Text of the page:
Islamic Studies Muslim Nonviolence
Jeffry R. Halverson
  • LAST REVIEWED: 22 April 2013
  • LAST MODIFIED: 22 April 2013
  • DOI: 10.1093/obo/9780195390155-0189


Nonviolence is the principled and strategic abstention from violence to bring about political or social change. The concept is most commonly associated with Mohandas K. Gandhi, Martin Luther King Jr., Leo Tolstoy, and other non-Muslim figures. Muslim activists, scholars, and leaders are seldom, if ever, counted among these venerable modern saints. However, Muslim nonviolence is a growing and influential phenomenon on a global scale. Although rooted in Islam’s sacred texts, especially the Qur’an, the historical genesis of the concept coincides with its development elsewhere in the early 20th century. Proponents of nonviolence are found within the Sunni, Shʿia, and various mystical and heterodox branches of Islam. Muslim nonviolence also exists in both religious and pragmatic nationalist forms. Religious forms of Muslim nonviolence approach the sacred texts of Islam through a range of interpretive methods. Broadly speaking, these interpretive strategies place a special emphasis on the Meccan surahs of the Qur’an over the later Medinan surahs. In keeping with other components of Islamic thought, the Prophet Muhammad is also upheld as a moral exemplar for Muslim nonviolence and various interpretive strategies are employed to address his well-documented and celebrated participation in warfare.

General Overviews

The number of studies devoted exclusively to the concept of Muslim nonviolence is small. In many cases, nonviolence is grouped into broader discussions of peace in Islam, as in Funk and Said 2009 and Huda 2010, although the two concepts are not synonymous. Most of these studies were published since 2000, which indicates the subject has only garnered significant attention in the 21st century. The earliest study, Paige, et al. 1993, is a short edited volume containing brief entries tying nonviolence to other issues, such as women and interfaith relations. Abu-Nimer 2003 is the next notable addition and provides a more rigorous exploration of the subject in terms of theory and practical applications. Jahanbegloo 2010 and Pal 2011 explore the subject from spiritual and apologetic perspectives. Most of these works provide profiles of Muslim theorists, including those listed in Works by Sunni Theorists and Works by Shʿia, Sufi, and Heterodox Theorists.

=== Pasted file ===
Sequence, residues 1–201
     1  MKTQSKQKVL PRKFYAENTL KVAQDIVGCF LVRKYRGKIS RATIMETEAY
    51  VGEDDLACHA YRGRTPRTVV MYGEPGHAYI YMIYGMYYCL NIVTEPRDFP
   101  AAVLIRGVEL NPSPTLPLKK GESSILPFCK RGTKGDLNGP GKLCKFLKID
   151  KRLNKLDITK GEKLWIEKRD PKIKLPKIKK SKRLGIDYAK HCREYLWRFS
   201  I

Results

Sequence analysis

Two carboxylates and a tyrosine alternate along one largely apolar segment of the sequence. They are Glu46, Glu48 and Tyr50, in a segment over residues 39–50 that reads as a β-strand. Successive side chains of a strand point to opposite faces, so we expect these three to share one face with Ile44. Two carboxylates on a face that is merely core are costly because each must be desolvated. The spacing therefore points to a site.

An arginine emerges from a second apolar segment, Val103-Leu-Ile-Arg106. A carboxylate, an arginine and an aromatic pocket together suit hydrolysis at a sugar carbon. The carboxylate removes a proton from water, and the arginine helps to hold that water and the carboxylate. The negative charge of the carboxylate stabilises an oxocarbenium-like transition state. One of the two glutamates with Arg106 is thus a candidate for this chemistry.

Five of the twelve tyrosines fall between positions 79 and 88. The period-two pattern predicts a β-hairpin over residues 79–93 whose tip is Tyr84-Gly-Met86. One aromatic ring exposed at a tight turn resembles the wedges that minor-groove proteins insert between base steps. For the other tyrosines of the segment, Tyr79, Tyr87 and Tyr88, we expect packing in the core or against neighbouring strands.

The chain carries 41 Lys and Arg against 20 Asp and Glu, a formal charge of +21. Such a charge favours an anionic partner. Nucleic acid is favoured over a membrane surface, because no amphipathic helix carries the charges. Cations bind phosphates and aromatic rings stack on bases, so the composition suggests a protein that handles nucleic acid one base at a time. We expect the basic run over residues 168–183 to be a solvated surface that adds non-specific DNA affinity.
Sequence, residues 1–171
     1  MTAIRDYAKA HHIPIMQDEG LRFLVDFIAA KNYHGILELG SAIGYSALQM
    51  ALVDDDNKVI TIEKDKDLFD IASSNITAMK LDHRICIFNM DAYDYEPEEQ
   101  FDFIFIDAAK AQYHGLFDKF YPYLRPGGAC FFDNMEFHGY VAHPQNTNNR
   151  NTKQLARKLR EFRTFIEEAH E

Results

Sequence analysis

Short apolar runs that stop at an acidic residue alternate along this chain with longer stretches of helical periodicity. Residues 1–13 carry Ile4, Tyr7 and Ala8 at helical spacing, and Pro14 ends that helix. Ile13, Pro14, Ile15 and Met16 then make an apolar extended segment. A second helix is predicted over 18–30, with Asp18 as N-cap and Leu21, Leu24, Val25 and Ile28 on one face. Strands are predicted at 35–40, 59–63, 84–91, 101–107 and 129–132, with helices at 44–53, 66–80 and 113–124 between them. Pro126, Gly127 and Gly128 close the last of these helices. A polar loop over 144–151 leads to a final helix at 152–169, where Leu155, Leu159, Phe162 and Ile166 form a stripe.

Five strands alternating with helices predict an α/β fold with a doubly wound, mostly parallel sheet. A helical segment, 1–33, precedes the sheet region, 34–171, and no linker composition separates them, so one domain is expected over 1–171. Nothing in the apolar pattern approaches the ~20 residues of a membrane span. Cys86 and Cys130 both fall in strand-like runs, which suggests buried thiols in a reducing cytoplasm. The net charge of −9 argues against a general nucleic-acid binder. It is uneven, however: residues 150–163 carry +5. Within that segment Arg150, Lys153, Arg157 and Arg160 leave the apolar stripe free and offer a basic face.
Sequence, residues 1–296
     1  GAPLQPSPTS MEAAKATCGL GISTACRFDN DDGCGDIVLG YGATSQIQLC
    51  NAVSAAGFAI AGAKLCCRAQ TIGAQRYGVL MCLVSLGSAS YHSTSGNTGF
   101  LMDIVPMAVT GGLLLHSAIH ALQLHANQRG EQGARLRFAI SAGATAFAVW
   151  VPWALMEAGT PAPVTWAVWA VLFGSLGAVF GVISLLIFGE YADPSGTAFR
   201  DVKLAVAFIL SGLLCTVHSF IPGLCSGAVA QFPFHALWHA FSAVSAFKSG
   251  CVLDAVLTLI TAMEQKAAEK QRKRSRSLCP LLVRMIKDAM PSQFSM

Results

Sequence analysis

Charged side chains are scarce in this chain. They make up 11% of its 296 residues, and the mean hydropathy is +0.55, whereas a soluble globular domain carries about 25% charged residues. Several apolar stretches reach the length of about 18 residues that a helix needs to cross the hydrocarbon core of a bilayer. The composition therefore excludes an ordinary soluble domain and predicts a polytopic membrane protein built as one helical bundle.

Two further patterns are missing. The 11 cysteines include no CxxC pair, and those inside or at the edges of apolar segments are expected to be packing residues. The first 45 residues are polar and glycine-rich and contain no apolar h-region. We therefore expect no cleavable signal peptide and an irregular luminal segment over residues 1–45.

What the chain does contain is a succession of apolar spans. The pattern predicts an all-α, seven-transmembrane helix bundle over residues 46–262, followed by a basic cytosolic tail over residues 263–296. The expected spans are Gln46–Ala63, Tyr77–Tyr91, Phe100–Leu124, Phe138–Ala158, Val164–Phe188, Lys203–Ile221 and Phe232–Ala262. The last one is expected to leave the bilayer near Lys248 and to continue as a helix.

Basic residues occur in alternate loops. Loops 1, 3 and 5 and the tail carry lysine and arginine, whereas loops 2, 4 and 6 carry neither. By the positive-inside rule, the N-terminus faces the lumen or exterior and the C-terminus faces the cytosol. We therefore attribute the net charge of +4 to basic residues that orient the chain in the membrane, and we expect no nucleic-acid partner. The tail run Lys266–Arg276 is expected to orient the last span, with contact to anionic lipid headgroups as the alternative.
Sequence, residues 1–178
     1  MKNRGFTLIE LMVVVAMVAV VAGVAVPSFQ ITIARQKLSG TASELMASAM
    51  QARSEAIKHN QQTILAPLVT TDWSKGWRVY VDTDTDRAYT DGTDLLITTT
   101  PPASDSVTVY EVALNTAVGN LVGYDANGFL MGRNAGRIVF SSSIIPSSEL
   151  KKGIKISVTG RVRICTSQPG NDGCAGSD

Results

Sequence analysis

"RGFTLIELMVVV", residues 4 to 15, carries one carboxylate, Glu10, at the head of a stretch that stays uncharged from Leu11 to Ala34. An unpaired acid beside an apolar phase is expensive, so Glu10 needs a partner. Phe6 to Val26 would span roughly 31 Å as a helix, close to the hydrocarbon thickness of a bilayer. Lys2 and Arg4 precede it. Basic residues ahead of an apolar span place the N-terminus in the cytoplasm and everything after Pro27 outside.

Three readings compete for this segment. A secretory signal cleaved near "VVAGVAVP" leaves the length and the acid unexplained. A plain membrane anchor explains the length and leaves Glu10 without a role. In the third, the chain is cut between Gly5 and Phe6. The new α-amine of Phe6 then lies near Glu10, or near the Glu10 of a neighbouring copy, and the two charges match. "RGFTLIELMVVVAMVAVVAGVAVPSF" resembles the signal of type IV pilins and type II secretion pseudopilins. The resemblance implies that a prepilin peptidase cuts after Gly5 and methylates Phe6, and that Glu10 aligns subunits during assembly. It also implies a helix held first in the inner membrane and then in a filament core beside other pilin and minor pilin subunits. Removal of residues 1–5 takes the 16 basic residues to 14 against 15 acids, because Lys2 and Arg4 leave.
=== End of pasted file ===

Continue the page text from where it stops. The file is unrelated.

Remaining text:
• Abu-Nimer, Mohammed. Nonviolence and Peace Building in Islam: Theory and Practice. Gainesville: University Press of Florida, 2003.

    Situates the study of Islam within the field of peace studies, where it is often neglected, and highlights the theoretical and practical aspects of nonviolence in Islamic thought.

  • Funk, Nathan C., and Abdul Aziz Said. Islam and Peacemaking in the Middle East. Boulder, CO: Lynne Rienner, 2009.

    An edited volume within the field of peace studies that rigorously examines Islamic conceptions of peace, conflict, and peacemaking, focusing on the Middle East and “Western-Islamic” tensions.

  • Halverson, Jeffry R. Searching for a King: Muslim Nonviolence and the Future of Islam. Washington, DC: Potomac, 2012.

    A comprehensive study of Islamic conceptions of nonviolence through the lens of narrative that profiles five modern advocates from different sectarian and cultural perspectives.

  • Huda, Qamar-ul, ed. Crescent and Dove: Peace and Conflict Resolution in Islam. Washington, DC: United States Institute of Peace, 2010.

    An edited volume with contributions from scholars and peacebuilding practitioners about building a culture of nonviolence and peace and the best strategies to do so.

  • Jahanbegloo, Ramin. “Is a Muslim Gandhi Possible?” Philosophy & Social Criticism 36.3–4 (2010): 309–323.

    A journal article by an Iranian philosopher calling on Muslims to learn from the experience of thinkers and activists such as Abdul Ghaffar Khan and Maulana A. K. Azad.

  • Paige, Glenn, Chaiwat Satha-Anand, and Sarah Gilliatt, eds. Islam and Nonviolence. Honolulu: University of Hawai‘i Press, 1993.

    An edited volume with contributions from international Muslim activists and leaders, including Abdurrahman Wahid of Indonesia and Chaiwat Satha-Anand of Thailand.

  • Pal, Amitabh. “Islam” Means Peace: Understanding the Muslim Principle of Nonviolence Today. Santa Barbara, CA: Praeger, 2011.

    An apologetic study of nonviolence in modern Muslim societies, including Kosovo, with attention to the historical roots of Muslim nonviolence and interpretations of the sacred texts.

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